Breastfeeding

Breastfeeding

Breast milk is the most appropriate food for babies and is free. Formula feeding is expensive and carries real risks of increased infection, lowered IQ, childhood obesity, and allergies, among other things. Because we live in a culture that does not support breastfeeding, mothers and babies sometimes have trouble getting started. Below are some resources we hope you will find useful.

Maternity care practices can affect breastfeeding success, so it helps to understand how inductions, epidurals, episiotomies, and cesareans can sabotage attempts to breastfeed successfully. For a brief overview on this important topic, go to “A Brief Exploration of the Impact of Birthing Practices on Breastfeeding.". The full text from which this fact sheet was developed is listed below.

Professionals trained to help you establish and maintain a breastfeeding relationship with your baby are called “lactation consultants.” Ask your provider, call your local hospital or look in the professional organization listings on this site to locate a lactation consultant near you.

Benefits of Breastfeeding/Risks of Formula Feeding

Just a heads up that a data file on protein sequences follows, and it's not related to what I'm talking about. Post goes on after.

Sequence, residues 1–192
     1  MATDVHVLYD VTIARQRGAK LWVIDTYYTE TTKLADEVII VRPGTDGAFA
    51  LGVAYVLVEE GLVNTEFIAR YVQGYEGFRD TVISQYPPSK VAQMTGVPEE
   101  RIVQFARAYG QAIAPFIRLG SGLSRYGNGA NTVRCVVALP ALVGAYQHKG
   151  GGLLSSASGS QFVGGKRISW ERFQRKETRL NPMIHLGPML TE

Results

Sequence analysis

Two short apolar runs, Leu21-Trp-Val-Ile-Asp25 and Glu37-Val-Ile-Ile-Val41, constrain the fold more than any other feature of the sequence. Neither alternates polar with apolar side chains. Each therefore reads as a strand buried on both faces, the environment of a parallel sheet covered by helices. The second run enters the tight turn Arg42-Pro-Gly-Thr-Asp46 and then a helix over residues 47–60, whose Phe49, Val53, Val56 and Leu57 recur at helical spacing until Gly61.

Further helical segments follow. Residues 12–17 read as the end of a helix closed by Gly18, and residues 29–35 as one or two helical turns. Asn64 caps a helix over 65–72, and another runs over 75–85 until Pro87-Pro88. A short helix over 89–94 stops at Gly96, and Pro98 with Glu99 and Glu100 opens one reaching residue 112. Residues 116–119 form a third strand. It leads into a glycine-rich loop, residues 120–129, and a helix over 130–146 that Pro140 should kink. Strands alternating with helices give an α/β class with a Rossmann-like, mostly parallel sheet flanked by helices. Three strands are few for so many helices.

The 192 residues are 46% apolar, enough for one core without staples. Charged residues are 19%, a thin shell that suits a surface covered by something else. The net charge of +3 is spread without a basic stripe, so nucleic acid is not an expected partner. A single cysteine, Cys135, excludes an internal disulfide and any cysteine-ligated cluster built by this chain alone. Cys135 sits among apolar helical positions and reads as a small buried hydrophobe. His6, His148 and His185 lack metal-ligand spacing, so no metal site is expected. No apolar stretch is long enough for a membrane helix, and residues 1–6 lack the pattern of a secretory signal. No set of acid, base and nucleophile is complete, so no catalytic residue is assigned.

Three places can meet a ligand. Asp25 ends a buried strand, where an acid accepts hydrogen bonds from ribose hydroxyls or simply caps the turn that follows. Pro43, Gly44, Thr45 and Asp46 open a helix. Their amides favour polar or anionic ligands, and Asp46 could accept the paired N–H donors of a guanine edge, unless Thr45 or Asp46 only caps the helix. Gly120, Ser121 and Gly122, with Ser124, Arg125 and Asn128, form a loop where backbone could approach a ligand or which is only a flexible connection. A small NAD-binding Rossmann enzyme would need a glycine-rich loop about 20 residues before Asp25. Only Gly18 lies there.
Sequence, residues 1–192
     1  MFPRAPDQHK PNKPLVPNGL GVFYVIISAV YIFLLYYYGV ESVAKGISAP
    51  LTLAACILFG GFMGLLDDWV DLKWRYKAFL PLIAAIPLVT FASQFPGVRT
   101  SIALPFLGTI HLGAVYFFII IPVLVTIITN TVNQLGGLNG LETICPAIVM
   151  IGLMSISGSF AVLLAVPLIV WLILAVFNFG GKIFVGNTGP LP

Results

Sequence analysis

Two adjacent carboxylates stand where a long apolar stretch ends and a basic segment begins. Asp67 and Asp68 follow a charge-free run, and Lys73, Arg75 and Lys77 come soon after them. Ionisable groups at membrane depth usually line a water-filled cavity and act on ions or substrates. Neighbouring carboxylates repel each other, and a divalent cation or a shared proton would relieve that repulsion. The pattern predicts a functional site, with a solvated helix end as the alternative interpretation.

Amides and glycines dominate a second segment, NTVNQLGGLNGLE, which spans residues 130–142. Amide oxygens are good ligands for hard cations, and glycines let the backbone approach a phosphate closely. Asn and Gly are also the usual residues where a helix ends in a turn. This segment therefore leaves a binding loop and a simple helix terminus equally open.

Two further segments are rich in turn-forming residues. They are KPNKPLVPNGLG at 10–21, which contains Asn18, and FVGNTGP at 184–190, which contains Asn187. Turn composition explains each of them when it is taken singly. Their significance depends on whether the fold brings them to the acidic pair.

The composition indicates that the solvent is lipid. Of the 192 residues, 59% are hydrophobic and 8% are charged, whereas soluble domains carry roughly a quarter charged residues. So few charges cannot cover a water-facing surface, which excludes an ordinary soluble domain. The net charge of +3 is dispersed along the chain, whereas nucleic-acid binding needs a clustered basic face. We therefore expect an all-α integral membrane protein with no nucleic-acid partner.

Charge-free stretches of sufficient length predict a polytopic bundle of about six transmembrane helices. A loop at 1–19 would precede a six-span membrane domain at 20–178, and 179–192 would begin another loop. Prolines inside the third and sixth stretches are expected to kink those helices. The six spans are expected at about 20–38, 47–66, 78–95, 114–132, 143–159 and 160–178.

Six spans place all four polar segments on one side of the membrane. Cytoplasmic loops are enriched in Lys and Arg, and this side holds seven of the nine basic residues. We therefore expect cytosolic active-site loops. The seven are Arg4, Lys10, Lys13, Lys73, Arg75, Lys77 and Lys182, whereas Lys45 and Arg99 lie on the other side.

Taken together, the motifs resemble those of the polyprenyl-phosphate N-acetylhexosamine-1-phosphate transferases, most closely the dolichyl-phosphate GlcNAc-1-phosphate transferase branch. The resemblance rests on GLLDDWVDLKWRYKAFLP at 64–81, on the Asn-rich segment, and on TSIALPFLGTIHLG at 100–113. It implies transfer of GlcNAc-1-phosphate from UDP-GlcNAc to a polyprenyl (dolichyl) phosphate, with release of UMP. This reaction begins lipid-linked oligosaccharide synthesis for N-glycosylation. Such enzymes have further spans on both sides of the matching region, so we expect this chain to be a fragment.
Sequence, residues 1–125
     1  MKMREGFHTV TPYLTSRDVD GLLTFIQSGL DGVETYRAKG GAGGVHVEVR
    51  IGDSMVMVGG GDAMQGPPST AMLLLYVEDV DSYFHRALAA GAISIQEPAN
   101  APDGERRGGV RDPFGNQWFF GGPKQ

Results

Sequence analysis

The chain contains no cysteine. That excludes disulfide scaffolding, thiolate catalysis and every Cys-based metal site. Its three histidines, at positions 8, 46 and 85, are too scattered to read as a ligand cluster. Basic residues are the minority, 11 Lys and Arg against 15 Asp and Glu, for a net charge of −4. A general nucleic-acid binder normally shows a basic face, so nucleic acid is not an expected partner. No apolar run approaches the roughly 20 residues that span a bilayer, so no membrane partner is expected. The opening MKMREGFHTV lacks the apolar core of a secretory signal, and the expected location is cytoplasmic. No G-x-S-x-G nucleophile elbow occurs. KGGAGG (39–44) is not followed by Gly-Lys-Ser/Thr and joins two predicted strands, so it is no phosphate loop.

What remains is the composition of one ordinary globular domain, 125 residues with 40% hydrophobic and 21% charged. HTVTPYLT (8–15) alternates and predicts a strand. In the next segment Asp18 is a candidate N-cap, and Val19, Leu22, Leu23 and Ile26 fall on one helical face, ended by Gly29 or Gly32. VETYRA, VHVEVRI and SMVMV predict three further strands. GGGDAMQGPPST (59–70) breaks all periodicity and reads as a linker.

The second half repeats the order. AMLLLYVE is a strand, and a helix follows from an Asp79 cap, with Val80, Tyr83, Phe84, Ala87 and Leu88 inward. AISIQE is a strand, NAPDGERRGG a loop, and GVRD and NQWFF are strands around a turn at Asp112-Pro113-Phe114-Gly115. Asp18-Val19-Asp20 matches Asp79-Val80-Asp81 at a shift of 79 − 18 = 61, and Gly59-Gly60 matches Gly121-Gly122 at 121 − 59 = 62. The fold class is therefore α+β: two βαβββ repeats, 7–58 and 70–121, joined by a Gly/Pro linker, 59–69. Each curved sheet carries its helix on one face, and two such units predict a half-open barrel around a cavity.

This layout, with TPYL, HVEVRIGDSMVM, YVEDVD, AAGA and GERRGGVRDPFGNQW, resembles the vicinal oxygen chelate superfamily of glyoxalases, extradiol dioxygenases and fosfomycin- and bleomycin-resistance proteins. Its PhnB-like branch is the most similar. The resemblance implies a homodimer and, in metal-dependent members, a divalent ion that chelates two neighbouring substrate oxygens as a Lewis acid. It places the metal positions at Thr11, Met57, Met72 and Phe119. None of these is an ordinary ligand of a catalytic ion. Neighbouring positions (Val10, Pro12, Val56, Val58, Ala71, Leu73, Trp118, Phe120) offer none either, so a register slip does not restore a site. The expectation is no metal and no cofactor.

Sources of Information & Support

Good Books

  • The Womanly Art of Breastfeeding Seventh Revised Edition  by La Leche League International (Plume, 2004). The Womanly Art of Breastfeeding was the first book of its kind, written for mothers by mothers. Over the years, more than two million mothers have turned to it for information and inspiration.

  • Breastfeeding Cafe: Mothers Share the Joys, Challenges and Secrets of Nursing by Barbara Behrmann (University of Michigan Press, 2005).A collection of candid stories and anecdotes in which women from all over the U.S. discuss the joys and rewards, frustrations and challenges, sorrow and anger, pride and satisfaction, and humor and poignancy that characterize the nursing experience in our contemporary, bottle-feeding culture.

  • Impact of Birthing Practices on Breastfeeding: Protecting the Mother and Baby Continuumby Mary Kroeger and Linda Smith (Jones & Bartlett, 2004). Examines the spectacular bond between the human mother and her newborn from the perspective of labor, birth, and breastfeeding.  Addresses the failure of both western and developing country breastfeeding promoters and supporters to link the impact of certain childbirth interventions on the readiness of mother or newborn to breastfeed. Investigates the mechanics of labor, labor interventions, and how these affect the infant’s ability to suck, swallow and breathe.

Professional organizations for lactation consultants and local support organizations can help answer questions you may have about breastfeeding.